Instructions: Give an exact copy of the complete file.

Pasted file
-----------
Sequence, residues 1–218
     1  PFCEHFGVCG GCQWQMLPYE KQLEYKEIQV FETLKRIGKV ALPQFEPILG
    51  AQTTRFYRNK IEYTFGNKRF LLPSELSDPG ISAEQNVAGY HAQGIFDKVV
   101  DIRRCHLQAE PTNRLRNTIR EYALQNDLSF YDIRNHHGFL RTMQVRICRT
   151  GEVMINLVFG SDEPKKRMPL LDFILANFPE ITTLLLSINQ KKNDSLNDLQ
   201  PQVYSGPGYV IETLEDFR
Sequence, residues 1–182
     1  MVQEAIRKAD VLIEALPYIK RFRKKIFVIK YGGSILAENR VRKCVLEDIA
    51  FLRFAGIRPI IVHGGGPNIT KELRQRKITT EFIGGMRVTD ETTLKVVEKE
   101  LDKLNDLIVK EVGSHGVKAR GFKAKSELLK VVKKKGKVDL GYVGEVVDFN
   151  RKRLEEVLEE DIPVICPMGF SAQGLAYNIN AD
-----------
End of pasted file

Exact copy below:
Sequence, residues 1–218
     1  PFCEHFGVCG GCQWQMLPYE KQLEYKEIQV FETLKRIGKV ALPQFEPILG
    51  AQTTRFYRNK IEYTFGNKRF LLPSELSDPG ISAEQNVAGY HAQGIFDKVV
   101  DIRRCHLQAE PTNRLRNTIR EYALQNDLSF YDIRNHHGFL RTMQVRICRT
   151  GEVMINLVFG SDEPKKRMPL LDFILANFPE ITTLLLSINQ KKNDSLNDLQ
   201  PQVYSGPGYV IETLEDFR
Sequence, residues 1–182
     1  MVQEAIRKAD VLIEALPYIK RFRKKIFVIK YGGSILAENR VRKCVLEDIA
    51  FLRFAGIRPI IVHGGGPNIT KELRQRKITT EFIGGMRVTD ETTLKVVEKE
   101  LDKLNDLIVK EVGSHGVKAR GFKAKSELLK VVKKKGKVDL GYVGEVVDFN
   151  RKRLEEVLEE DIPVICPMGF SAQGLAYNIN AD